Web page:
Buying A Projector

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The following features are not critical when deciding on which projector to buy, but do add to the performance and viewing enjoyment.

Video Signal Inputs: The more types of inputs on the back of the projector the better. This give you more options when connecting your different input devices. The projector you buy should have at least one component video input. A component video inputs look like a composite input, however it splits the video signal into three separate parts rather than one. It is the most common type of high quality signal available today. Nearly all projectors will have at least one composite and one S-Video connection. S-video cables differ from composite cables in that they split video signal into two The S-video cable will offer marked improvement over a composite cables. Digital Video Interface (DVI) cables look a little like a standard VGA cable, but they are slightly larger. Under ideal circumstances, the DVI cable creates a ‘digital to digital’ connection between video or data source and display device. Not widely used now, but is quickly becoming the standard.

Buying A Projector

Zoom Lens: More important for mobile applications. For Home Theater use, it can come in handy for fine tuning the image to the screen.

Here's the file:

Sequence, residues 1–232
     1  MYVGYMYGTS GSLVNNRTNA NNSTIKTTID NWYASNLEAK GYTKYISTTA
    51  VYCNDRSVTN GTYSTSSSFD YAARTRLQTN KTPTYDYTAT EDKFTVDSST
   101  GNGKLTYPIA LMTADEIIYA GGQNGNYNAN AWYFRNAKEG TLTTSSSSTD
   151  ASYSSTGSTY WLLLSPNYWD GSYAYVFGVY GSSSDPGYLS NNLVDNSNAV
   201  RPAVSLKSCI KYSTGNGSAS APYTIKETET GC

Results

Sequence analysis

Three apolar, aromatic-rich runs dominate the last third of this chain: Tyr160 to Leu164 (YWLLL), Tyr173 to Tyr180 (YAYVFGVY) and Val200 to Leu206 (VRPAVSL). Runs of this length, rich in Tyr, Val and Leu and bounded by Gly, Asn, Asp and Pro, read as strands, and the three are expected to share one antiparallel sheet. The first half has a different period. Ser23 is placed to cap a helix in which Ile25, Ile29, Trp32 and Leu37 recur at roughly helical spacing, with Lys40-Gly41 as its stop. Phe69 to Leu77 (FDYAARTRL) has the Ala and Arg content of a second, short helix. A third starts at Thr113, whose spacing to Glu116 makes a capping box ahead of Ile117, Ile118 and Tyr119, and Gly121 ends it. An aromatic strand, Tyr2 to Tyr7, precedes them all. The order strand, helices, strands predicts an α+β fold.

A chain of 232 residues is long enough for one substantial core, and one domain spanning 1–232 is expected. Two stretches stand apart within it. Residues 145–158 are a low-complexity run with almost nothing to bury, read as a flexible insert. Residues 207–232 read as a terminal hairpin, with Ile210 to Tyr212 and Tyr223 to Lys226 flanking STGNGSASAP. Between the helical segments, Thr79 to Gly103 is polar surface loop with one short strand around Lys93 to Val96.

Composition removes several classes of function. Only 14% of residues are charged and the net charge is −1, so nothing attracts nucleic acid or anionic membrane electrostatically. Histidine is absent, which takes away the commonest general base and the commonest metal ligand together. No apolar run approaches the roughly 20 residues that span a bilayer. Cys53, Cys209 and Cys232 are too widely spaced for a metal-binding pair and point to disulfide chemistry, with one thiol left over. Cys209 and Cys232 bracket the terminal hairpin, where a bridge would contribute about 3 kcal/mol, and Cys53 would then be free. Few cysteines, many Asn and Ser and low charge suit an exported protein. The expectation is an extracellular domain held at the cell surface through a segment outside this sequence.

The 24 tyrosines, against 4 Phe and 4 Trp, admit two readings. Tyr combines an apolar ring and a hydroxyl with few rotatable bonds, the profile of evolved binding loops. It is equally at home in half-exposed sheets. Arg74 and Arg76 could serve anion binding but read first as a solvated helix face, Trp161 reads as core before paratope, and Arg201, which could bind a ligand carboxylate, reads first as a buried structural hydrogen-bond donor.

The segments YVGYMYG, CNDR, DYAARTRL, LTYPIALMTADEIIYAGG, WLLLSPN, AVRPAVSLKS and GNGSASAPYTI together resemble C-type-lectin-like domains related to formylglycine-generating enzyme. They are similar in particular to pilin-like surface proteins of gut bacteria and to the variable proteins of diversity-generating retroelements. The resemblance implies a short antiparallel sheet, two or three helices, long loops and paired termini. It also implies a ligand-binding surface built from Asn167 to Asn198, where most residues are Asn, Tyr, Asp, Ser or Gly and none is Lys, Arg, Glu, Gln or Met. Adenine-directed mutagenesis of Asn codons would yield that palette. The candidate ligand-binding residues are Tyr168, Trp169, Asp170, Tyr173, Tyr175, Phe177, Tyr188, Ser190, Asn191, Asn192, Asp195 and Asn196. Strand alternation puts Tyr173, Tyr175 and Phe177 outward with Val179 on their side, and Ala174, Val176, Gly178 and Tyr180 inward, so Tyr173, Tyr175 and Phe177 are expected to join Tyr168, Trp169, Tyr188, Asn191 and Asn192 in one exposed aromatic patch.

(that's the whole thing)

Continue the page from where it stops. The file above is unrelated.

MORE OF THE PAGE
Keystone Correction: This is needed when the projector is mounted off-center and results in an image that is not square. Standard on most projectors.

Projector Noise: Projector lamps produce a lot of heat, so projectors have fans to cool them down. A projector with a loud fan can get annoying after a while. The loudness of the fan is rated as DB`s. Aim for less than 35DB, less then 30 is excellent.

Throw Distance: This is a measure of the size of image a projector can produce from a given distance. Manufacturers provide throw distance calculators which help determine the size of image which can be produced by each of their projector models. A short throw distance may be required for a small room.

Video Signals: The projectors ability to project various video standards such as NTSC, PAL, SECAM and S-VHS. Look for the ability to project NTSC and HDTV. HDTV is scheduled to replace NTSC in 2006.

Projection Methods: Can it be ceiling or rear mounted.

Bulb Life: The life of the bulb has little to do with the picture and a lot to do with your pocketbook. Look for Eco-mode. By selecting an economy mode, you can reduce the light output, while conserving lamp life and lowering the noise level of the fan. Using the economy mode lowers light output by as little as 20%, and used regularly can help to nearly double the life of the lamp.

There are more features to take into account but they are either, self explanatory or not very important. Features like Remote [easy, nice to have] Warranty [the longer the better] etc.